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1.3.1 by:

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by

DesiRee Davis

on 16 October 2013

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Transcript of 1.3.1 by:

Cause
Chronic middle ear infections, due to a short and narrow Eustachian tube in his right ear. The last two resulted in a perforated eardrum with pus-like drainage.
Ear Structures Affected
Mastoid bone
facial nerve (if not treated it could lead to facial paralysis.)
Case File 2
Patient Two is a six-year-old male. He has been experiencing chronic middle ear infections (also known as chronic otitis media) since he was six months old. Because he has a very narrow, short Eustachian tube in his right ear, he is susceptible to bacterial infections. He has had ear tube surgery twice, where a small tube was placed in the eardrum to ventilate the area behind the eardrum, keep the pressure equalized and reduce infection. This surgery had little success. The last two ear infections resulted in a perforated eardrum with a pus-like drainage from his ear. Lately, his teacher informed his parents that his performance in school has declined, and suggested he be tested for hearing loss. An audiologist found that he has mild to moderate conductive hearing loss in his right ear.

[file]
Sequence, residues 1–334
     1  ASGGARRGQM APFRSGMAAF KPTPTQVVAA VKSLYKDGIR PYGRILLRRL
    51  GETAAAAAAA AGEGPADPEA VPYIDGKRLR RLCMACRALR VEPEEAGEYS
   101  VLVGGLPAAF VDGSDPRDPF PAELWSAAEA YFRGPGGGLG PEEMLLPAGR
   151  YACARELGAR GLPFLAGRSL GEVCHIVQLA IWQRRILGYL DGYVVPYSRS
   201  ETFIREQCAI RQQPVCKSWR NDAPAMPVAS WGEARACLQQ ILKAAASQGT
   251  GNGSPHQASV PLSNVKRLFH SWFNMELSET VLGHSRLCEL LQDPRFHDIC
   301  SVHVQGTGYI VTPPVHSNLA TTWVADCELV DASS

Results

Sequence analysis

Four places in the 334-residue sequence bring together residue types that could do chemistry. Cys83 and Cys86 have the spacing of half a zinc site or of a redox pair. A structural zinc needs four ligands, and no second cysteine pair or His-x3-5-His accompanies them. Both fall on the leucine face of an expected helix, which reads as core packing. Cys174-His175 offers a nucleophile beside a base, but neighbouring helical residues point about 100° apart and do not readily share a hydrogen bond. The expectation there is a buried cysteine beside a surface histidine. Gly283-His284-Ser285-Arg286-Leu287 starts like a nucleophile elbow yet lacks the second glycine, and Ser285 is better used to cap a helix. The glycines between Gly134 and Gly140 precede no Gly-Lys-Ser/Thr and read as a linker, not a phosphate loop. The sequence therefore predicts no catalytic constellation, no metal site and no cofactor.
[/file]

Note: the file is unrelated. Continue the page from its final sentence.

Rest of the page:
Ben Braun
Prognosis
If not treated, patient 2 may not be able to hear sounds below 40 decibels in sound level in his right ear.
13. Use reliable Internet sources to research the cause, the ear structures affected, as well as the prognosis for your assigned patient’s hearing loss. Take notes in your laboratory journal.
&
DesiRee Davis
Patient 2 by:
If not treated the patient could suffer from:
Drainage from a whole in the eardrum.
Facial paralysis
inflammation around the brain
Full transcript